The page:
Written on February 13, 2014 at 6:29 pm , by Samantha Shelton
It’s mid-February, and I don’t know about you, but this girl is ready for a new challenge. The New Year’s resolution hype has all but died, winter is burying us East Coasters under piles of snow, and stir-crazy frenzies are settling in. So what’s a girl to do?
Enter New York Road Runners Empire State Building Run-Up. What’s that, you ask? Simple: run into the narrow stairwells of New York’s most iconic building, and get your butt up those 86 floors as fast as humanly possible. Easy enough, right? Heh.
After running 10 half-marathons, I decided to take on the challenge because there’s nothing like climbing stairs to get out of my distance-running comfort zone. After all, I live in New York City and, even though I can run 13.1 miles with relative ease (relative being the key word here), just getting to the top of the subway stairs can rob me of breath from time to time.
While I was fortunate enough to have words of advice from those who have run before me (our fitness editor, Jenna, climbed that stairwell in 2013!), I did my research. If this girl – you know, the one who avoids the stairmaster, lives on the first floor of a building and takes the elevator to the 25th floor of her office – was going to survive, I had to at least have my head in the game. And I’m proud to say that I made it to the top of New York’s most iconic building in just over 23 minutes. While I certainly wasn’t the fastest out there (seriously, some were finishing sub-10 – crazy!), I put my whole effort into it. Here’s what I learned along the way – hopefully it’ll inspire you to step (see what I did there?) outside your comfort zone. Maybe not 1,576 steps worth of discomfort, but if you skip the elevator just once, then I’ll consider my job done.
Chew gum and suck on cough drops. This tip from associate beauty editor, Molly, saved me. Chewing gum prevents your ears from popping as you quickly ascend to the top, thus increasing your elevation. The cough drops keep your mouth moist in an otherwise-dry environment. Remember, you’re in a small, dusty stairwell that doesn’t get a lot of use on the reg, so there isn’t a ton of air flow. Both helped me keep up a fast (for me) pace.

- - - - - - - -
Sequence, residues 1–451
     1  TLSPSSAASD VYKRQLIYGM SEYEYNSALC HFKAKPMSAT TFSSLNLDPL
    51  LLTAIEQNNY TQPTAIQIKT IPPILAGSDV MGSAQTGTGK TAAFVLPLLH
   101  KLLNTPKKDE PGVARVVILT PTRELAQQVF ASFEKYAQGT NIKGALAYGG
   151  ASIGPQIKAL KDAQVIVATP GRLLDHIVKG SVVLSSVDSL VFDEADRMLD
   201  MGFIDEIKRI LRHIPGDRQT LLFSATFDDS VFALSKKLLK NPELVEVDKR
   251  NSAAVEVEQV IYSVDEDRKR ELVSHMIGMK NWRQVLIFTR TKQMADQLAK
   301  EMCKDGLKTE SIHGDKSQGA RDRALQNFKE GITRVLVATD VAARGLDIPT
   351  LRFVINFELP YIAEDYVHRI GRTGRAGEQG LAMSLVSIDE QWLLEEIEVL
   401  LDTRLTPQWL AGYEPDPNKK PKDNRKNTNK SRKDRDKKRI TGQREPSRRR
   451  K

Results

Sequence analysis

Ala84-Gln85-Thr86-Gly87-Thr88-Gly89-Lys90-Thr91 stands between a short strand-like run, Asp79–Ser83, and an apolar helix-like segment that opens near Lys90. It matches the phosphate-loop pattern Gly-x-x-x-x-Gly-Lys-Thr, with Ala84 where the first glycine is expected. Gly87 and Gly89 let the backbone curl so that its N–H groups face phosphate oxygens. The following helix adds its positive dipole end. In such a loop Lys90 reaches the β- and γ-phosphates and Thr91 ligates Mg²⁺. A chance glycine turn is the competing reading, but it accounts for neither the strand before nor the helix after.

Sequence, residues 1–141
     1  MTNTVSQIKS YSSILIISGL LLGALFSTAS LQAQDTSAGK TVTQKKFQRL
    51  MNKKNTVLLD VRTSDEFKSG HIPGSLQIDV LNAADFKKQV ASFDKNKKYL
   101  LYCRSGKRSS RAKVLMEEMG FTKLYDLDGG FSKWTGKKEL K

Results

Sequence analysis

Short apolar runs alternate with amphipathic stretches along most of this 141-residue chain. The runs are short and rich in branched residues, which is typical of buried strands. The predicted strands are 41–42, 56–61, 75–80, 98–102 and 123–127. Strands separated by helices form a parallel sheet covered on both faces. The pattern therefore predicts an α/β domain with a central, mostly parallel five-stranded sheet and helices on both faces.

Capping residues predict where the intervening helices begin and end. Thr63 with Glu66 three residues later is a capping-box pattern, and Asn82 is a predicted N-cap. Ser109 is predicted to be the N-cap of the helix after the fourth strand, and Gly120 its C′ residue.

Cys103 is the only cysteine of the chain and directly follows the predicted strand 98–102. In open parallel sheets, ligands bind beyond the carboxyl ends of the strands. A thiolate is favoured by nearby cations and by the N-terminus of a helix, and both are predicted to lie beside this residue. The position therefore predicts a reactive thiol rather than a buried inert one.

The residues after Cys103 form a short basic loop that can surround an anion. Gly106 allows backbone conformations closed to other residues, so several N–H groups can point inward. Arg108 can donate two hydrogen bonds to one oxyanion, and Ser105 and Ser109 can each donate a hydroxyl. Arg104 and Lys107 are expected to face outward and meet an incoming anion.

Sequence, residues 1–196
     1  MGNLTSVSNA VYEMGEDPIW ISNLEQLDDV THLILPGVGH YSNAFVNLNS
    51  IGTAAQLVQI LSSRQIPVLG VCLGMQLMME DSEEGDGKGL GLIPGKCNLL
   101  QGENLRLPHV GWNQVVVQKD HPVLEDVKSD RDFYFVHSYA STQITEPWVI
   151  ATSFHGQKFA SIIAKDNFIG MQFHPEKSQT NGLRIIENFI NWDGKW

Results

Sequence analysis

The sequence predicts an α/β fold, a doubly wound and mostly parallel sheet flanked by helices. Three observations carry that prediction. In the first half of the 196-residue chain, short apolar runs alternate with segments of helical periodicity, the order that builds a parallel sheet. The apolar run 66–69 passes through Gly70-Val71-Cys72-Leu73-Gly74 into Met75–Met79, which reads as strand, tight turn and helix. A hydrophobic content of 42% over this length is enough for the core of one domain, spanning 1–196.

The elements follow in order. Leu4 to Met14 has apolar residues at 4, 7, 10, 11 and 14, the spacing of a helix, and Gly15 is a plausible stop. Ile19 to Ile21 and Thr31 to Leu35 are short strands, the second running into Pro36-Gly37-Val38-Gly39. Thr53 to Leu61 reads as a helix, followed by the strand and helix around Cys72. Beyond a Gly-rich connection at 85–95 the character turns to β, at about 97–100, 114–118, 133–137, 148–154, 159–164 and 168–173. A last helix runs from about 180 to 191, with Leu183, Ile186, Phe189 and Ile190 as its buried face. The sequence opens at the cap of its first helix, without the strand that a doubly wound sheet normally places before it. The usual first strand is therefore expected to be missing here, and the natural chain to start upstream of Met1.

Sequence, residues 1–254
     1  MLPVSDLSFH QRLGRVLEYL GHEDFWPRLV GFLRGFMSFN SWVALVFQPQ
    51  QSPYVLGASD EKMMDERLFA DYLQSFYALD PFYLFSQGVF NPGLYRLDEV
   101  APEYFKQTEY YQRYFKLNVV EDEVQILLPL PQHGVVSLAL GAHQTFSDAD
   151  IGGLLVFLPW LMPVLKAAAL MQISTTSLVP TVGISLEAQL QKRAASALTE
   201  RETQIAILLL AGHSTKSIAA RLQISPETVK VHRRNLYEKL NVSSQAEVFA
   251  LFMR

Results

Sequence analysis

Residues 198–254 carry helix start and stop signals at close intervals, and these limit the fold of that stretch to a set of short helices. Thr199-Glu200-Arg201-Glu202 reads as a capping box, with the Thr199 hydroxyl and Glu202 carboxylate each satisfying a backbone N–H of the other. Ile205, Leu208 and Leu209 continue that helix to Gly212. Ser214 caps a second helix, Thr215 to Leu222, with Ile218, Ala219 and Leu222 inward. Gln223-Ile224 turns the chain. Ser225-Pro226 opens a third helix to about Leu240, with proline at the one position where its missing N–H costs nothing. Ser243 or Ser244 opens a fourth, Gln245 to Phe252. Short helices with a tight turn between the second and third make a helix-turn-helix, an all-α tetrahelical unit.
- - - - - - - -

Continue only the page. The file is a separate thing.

Mix up your movement. When sprinting so many stairs, your body quickly switches from an aerobic state over to an anaerobic state, and lactic acid starts to build in your muscles when you pass your anaerobic threshold. To keep pain at bay (and your legs moving), alternate how you get up those stairs. In the beginning, everyone’s in a mad dash, so a moderate sprint will keep you in the group without tuckering you out too quickly. After about eight flights of that, I switched between running up every single step and every other to ensure I was using different muscles.
Written on September 25, 2012 at 2:01 pm , by Samantha Shelton
When was the last time you ran one mile? Just one mile, nothing else. For many, it dates back to high school when you were required to run a timed mile for gym class. But 11 staffers at FITNESS laced up their sneaks last weekend to see how quickly they could pound the pavement in New York City – straight down 5th Avenue, famously known as Museum Mile.
Eight from our editorial staff and three from our advertising team donned black “FITNESS” T-shirts and bright bottoms to step into the gorgeous fall weather Saturday morning for New York Road Runner’s 5th Avenue Mile race. We sprinted the street during the media heat, where we competed against other fun staffers from Runner’s World, Live with Kelly and Michael, and more.
When you’re running only a mile, there’s very little time to develop a strategy. Looking for the mental mindset many of us followed? Follow these tips to run your best mile:
- First 400 meters – Run at 85% effort. You feel tired, but like there’s a little more to give.
- Second 400 meters – Run at 75% effort. Catch your breath and get ready for the second half of the race.
- Third 400 meters – You’re halfway, so it’s time to sprint! Run at 100% effort.
- Last 400 meters – Give it everything you’ve got. Your chest may or may not feel like it’s going to explode, but it’ll be over before you know it.
After glancing at our official finish times, it looks like the strategy paid off! We have some speedsters on staff – four finished in under seven minutes! We had such a blast running this race, and encourage you to set up your own mile-long race in your community. After all, every mile counts!
Now you tell us: When was the last time you raced a mile?